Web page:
11. Cai, G.; Salonikidis, P. S.; Fei, J.; Schwarz, W.; Schülein, R.; Reutter, W.; Fan, H. FEBS J. 2005, 272, 1625–1638. doi:10.1111/j.1742-4658.2005.04595.x
    Return to citation in text: [1] [2]
  12. Hu, J.; Fei, J.; Reutter, W.; Fan, H. Glycobiology 2011, 21, 329–339. doi:10.1093/glycob/cwq166
    Return to citation in text: [1] [2] [3] [4]
  13. Yamashita, A.; Singh, S. K.; Kawate, T.; Jin, Y.; Gouaux, E. Nature 2005, 437, 215–223. doi:10.1038/nature03978
    Return to citation in text: [1] [2] [3]
  14. Radian, R.; Kanner, B. I. Biochemistry 1983, 22, 1236–1241. doi:10.1021/bi00274a038
    Return to citation in text: [1]
  15. Zomot, E.; Bendahan, A.; Quick, M.; Zhao, Y.; Javitch, J. A.; Kanner, B. I. Nature 2007, 449, 726–730. doi:10.1038/nature06133
    Return to citation in text: [1]
  16. Forrest, L. R.; Tavoulari, S.; Zhang, Y.-W.; Rudnick, G.; Honig, B. Proc. Natl. Acad. Sci. U. S. A. 2007, 104, 12761–12766. doi:10.1073/pnas.0705600104
    Return to citation in text: [1]
  17. Faham, S.; Watanabe, A.; Besserer, G. M.; Cascio, D.; Specht, A.; Hirayama, B. A.; Wright, E. M.; Abramson, J. Science 2008, 321, 810–814. doi:10.1126/science.1160406
    Return to citation in text: [1]
  18. Weyand, S.; Shimamura, T.; Yajima, S.; Suzuki, S.; Mirza, O.; Krusong, K.; Carpenter, E. P.; Rutherford, N. G.; Hadden, J. M.; O'Reilly, J.; Ma, P.; Saidijam, M.; Patching, S. G.; Hope, R. J.; Norbertczak, H. T.; Roach, P. C. J.; Iwata, S.; Henderson, P. J. F.; Cameron, A. D. Science 2008, 322, 709–713. doi:10.1126/science.1164440
    Return to citation in text: [1]
  19. Abramson, J.; Wright, E. M. Curr. Opin. Struct. Biol. 2009, 19, 425–432. doi:10.1016/
    Return to citation in text: [1]
  20. Ressl, S.; Terwisscha van Scheltinga, A. C.; Vonrhein, C.; Ott, V.; Ziegler, C. Nature 2009, 458, 47–52. doi:10.1038/nature07819
    Return to citation in text: [1]
  21. Möhler, H. J. Recept. Signal Transduction 2006, 26, 731–740. doi:10.1080/10799890600920035
    Return to citation in text: [1]
  22. Cope, D. W.; Di Giovanni, G.; Fyson, S. J.; Orbán, G.; Errington, A. C.; Lőrincz, M. L.; Gould, T. M.; Carter, D. A.; Crunelli, V. Nat. Med. 2009, 15, 1392–1398. doi:10.1038/nm.2058
    Return to citation in text: [1]
  23. Krystal, J. H.; Sanacora, G.; Blumberg, H.; Anand, A.; Charney, D. S.; Marek, G.; Epperson, C. N.; Goddard, A.; Mason, G. F. Mol. Psychiatry 2002, 7 (Suppl. 1), S71–S80. doi:10.1038/
    Return to citation in text: [1]
  24. Garcia-Alloza, M.; Tsang, S. W.; Gil-Bea, F. J.; Francis, P. T.; Lai, M. K.; Marcos, B.; Chen, C. P.; Ramirez, M. J. Neurobiol. Aging 2006, 27, 1110–1117. doi:10.1016/j.neurobiolaging.2005.06.003
    Return to citation in text: [1]
  25. Bröer, S. Neurochem. Int. 2006, 48, 559–567. doi:10.1016/j.neuint.2005.11.021
    Return to citation in text: [1]
  26. Madsen, K. K.; Clausen, R. P.; Larsson, O. M.; Krogsgaard-Larsen, P.; Schousboe, A.; White, H. S. J. Neurochem. 2009, 109 (Suppl. 1), 139–144. doi:10.1111/j.1471-4159.2009.05982.x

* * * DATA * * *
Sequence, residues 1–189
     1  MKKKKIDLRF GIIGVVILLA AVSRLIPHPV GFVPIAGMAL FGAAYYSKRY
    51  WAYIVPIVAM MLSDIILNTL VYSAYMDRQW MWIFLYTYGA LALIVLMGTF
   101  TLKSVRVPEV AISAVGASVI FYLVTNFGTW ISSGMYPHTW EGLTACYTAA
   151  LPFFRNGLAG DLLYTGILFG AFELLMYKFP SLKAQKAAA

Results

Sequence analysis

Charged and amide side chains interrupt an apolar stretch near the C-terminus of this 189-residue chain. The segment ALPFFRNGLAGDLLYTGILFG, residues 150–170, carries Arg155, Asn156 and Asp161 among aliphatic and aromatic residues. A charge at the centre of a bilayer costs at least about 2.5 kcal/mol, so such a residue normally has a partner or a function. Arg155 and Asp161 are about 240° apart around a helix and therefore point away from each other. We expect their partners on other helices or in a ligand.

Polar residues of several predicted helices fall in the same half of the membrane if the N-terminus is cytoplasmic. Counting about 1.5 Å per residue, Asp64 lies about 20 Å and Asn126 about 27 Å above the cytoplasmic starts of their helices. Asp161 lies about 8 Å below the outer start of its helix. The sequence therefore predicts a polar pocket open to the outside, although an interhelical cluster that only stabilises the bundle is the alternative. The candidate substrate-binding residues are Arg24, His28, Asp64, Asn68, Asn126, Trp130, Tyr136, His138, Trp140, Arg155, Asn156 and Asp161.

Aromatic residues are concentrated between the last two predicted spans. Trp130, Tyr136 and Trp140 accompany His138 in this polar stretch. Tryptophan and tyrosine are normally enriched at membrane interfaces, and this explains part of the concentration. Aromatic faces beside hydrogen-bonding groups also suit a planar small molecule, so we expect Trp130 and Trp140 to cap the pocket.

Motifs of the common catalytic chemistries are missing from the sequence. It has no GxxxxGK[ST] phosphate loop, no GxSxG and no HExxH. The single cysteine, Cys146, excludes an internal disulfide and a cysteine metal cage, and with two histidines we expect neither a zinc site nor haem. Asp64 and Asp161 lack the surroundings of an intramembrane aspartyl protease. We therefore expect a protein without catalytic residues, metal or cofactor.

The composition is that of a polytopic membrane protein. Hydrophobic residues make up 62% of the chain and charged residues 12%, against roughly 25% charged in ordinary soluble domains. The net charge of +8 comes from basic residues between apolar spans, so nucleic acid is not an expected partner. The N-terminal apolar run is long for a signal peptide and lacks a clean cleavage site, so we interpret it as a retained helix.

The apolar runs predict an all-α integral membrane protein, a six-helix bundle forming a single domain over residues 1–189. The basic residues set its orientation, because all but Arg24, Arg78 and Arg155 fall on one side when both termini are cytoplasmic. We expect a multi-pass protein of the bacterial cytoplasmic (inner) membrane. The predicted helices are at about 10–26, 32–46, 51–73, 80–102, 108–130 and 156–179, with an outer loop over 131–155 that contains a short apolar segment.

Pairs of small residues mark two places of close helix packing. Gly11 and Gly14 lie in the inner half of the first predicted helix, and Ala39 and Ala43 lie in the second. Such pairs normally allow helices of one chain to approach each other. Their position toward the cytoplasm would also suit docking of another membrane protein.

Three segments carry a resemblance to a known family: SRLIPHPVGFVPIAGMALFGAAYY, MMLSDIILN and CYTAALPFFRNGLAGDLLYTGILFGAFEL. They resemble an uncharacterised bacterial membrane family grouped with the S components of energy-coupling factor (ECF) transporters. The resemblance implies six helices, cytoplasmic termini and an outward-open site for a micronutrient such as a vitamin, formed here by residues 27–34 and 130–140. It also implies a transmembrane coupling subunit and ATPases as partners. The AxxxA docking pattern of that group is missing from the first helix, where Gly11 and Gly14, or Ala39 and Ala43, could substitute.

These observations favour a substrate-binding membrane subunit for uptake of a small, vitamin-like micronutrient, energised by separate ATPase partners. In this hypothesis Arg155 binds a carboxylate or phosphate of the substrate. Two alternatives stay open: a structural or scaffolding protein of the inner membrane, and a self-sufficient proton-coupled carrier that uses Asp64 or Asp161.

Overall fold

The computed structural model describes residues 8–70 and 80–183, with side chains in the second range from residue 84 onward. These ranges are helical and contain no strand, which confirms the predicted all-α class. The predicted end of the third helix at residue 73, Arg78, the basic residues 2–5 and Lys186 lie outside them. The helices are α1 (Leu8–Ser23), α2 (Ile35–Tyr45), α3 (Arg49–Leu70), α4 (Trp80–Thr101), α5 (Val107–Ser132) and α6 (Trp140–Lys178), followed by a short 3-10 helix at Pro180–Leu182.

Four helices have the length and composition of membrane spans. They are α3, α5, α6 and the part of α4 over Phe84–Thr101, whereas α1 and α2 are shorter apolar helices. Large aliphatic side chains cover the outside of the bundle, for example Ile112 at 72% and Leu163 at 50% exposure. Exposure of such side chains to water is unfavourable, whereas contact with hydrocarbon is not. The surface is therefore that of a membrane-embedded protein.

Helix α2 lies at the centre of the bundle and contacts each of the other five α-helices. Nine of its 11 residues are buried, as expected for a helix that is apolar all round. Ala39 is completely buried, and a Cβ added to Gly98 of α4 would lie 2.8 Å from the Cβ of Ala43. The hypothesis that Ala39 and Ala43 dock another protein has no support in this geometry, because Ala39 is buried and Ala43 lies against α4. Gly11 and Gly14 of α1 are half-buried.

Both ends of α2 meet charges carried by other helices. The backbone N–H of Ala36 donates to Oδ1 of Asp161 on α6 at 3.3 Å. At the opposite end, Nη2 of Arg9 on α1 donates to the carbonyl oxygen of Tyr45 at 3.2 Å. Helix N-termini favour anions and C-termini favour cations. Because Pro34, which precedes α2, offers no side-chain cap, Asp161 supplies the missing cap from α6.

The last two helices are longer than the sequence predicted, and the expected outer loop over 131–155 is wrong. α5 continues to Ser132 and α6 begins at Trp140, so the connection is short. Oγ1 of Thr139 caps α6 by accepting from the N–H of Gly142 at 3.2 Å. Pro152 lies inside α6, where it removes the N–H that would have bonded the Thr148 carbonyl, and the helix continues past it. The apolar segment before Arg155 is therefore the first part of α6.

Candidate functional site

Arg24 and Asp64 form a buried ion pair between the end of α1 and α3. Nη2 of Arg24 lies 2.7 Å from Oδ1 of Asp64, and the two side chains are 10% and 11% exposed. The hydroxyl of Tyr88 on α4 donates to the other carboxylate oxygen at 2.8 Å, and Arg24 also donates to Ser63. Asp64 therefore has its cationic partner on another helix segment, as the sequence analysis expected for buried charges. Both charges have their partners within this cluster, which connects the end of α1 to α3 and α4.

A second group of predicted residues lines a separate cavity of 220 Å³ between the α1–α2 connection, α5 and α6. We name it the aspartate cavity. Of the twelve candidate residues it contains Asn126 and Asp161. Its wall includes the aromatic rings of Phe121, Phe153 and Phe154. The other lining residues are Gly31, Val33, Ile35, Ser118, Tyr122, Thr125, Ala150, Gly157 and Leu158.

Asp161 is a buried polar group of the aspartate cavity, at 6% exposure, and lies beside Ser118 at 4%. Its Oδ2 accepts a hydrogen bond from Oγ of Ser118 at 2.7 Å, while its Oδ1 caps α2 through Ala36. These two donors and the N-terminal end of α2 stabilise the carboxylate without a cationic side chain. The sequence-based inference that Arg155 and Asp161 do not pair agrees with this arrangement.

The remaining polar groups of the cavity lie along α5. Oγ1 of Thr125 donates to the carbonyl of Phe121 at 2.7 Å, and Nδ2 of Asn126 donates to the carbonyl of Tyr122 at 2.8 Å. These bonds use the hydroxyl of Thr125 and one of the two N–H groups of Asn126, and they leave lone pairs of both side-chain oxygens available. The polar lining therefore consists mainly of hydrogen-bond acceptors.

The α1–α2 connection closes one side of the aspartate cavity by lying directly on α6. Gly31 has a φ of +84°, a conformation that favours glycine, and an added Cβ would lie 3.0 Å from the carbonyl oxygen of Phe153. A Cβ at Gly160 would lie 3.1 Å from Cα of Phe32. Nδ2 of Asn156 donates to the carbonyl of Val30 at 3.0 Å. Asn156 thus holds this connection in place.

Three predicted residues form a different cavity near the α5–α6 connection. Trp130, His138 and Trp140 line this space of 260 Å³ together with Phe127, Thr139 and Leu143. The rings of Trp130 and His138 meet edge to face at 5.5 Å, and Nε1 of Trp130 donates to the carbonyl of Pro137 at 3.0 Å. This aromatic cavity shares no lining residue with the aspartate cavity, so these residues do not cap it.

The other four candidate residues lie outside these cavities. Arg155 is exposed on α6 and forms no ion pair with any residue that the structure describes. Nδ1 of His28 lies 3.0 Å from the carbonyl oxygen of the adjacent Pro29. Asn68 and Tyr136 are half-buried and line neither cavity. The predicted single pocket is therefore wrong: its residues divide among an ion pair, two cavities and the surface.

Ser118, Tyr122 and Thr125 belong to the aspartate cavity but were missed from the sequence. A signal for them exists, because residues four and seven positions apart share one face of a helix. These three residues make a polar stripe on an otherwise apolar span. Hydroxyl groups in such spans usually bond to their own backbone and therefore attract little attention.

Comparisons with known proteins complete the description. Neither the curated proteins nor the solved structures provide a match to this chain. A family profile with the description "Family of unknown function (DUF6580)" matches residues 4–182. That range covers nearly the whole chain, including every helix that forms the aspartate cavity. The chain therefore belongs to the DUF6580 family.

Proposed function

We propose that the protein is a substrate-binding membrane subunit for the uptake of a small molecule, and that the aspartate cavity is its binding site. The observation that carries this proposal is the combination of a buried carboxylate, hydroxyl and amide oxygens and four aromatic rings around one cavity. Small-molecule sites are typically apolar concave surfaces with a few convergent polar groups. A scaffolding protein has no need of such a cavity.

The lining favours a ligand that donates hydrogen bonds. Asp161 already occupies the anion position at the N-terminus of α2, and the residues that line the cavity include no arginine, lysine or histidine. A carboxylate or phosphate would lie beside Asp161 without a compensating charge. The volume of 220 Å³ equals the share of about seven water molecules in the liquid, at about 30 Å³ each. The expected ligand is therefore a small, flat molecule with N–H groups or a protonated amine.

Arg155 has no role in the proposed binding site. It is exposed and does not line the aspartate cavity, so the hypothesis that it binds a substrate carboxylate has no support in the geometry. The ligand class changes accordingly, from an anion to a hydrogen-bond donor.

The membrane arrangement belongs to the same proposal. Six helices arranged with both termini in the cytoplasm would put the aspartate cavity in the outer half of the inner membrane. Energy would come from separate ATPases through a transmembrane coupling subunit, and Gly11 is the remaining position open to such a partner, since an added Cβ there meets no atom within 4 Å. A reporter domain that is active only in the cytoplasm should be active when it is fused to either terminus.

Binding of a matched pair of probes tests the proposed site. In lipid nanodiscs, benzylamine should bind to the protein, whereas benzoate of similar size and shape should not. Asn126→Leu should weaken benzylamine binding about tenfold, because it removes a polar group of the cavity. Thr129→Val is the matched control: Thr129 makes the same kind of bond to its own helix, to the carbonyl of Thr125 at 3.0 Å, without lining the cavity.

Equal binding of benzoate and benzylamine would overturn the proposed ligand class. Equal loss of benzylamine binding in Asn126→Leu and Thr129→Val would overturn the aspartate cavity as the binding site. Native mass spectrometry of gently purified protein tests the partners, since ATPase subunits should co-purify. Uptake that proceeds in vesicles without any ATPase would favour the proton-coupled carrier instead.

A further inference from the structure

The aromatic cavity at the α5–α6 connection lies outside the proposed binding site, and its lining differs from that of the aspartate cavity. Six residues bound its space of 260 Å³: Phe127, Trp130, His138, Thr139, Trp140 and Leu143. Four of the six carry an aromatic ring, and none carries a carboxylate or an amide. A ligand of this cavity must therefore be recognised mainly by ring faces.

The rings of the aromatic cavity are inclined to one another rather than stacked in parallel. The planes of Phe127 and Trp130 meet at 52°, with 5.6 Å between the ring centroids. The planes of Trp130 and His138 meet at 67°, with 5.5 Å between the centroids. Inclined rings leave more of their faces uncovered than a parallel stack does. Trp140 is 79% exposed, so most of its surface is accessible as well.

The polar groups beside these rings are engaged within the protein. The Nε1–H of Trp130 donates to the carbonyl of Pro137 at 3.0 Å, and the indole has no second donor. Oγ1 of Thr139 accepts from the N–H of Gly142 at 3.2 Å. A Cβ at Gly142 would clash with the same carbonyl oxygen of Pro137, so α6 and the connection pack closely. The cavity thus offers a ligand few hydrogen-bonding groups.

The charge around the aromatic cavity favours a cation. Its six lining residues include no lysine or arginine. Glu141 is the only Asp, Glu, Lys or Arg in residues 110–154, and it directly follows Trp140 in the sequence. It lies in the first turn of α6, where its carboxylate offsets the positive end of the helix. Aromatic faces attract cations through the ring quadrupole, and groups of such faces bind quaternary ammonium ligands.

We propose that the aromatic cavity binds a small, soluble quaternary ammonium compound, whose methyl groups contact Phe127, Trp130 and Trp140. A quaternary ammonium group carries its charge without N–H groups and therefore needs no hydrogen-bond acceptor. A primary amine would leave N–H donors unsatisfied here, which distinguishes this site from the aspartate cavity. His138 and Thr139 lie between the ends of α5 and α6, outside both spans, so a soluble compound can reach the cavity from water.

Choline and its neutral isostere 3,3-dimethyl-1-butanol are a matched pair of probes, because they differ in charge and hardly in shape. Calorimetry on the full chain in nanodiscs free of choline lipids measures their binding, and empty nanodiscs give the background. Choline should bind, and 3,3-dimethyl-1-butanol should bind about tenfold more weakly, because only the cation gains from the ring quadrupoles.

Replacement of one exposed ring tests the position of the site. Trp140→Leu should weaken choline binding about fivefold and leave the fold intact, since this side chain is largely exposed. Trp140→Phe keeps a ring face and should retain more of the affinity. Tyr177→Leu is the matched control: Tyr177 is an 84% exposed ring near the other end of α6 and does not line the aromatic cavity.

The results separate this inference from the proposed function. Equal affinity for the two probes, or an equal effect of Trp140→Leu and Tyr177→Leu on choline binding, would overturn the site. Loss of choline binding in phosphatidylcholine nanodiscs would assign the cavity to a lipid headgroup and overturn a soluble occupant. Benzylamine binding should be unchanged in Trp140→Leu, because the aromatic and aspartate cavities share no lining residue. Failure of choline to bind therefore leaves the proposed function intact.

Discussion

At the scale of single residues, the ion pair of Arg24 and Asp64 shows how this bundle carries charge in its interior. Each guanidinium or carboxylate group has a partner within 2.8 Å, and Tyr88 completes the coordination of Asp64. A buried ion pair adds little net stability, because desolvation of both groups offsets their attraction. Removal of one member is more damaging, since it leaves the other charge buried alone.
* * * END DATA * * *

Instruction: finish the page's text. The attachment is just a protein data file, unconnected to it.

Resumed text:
Return to citation in text: [1]
  27. Chiu, C. S.; Jensen, K.; Sokolova, I.; Wang, D.; Li, M.; Deshpande, P.; Davidson, N.; Mody, I.; Quick, M. W.; Quake, S. R.; Lester, H. A. J. Neurosci. 2002, 22, 10251–10266.
    Return to citation in text: [1]
  28. Ormö, M.; Cubitt, A. B.; Kallio, K.; Gross, L. A.; Tsien, R. Y.; Remington, S. J. Science 1996, 273, 1392–1395. doi:10.1126/science.273.5280.1392
    Return to citation in text: [1]
  29. Yang, F.; Moss, L. G.; Phillips, G. N., Jr. Nat. Biotechnol. 1996, 14, 1246–1251. doi:10.1038/nbt1096-1246
    Return to citation in text: [1]
  30. van Oers, M. M.; Pijlman, G. P.; Vlak, J. M. J. Gen. Virol. 2015, 96, 6–23. doi:10.1099/vir.0.067108-0
    Return to citation in text: [1]
  31. Contreras-Gómez, A.; Sánchez-Mirón, A.; García-Camacho, F.; Molina-Grima, E.; Chisti, Y. Biotechnol. Prog. 2014, 30, 1–18. doi:10.1002/btpr.1842
    Return to citation in text: [1]
  32. Lipfert, J.; Columbus, L.; Chu, V. B.; Lesley, S. A.; Doniach, S. J. Phys. Chem. B 2007, 111, 12427–12438. doi:10.1021/jp073016l
    Return to citation in text: [1]
  33. Gonzales, A. L.; Lee, W.; Spencer, S. R.; Oropeza, R. A.; Chapman, J. V.; Ku, J. Y.; Eskandari, S. J. Membr. Biol. 2007, 220, 33–51. doi:10.1007/s00232-007-9073-5
    Return to citation in text: [1] [2]
  34. Soragna, A.; Bossi, E.; Giovannardi, S.; Pisani, R.; Peres, A. Cell. Mol. Life Sci. 2005, 62, 2877–2885. doi:10.1007/s00018-005-5322-x
    Return to citation in text: [1]
  35. Perkins, D. N.; Pappin, D. J. C.; Creasy, D. M.; Cottrell, J. S. Electrophoresis 1999, 20, 3551–3567. doi:10.1002/(SICI)1522-2683(19991201)20:18<3551::AID-ELPS3551>3.0.CO;2-2
    Return to citation in text: [1]
  36. Ludwig, K.; Yan, S.; Fan, H.; Reutter, W.; Böttcher, C. Biochem. Biophys. Res. Commun. 2003, 304, 73–77. doi:10.1016/S0006-291X(03)00539-4
    Return to citation in text: [1]

Article is part of the thematic issue

Peter H. Seeberger

Interesting articles

Ilja V. Fateev, Ekaterina V. Sinitsina, Aiguzel U. Bikanasova, Maria A. Kostromina, Elena S. Tuzova, Larisa V. Esipova, Tatiana I. Muravyova, Alexei L. Kayushin, Irina D. Konstantinova and Roman S. Esipov

© 2017 Hu et al.; licensee Beilstein-Institut.
This is an Open Access article under the terms of the Creative Commons Attribution License (, which permits unrestricted use, distribution, and reproduction in any medium, provided the original work is properly cited.
The license is subject to the Beilstein Journal of Organic Chemistry terms and conditions: (

Back to Article List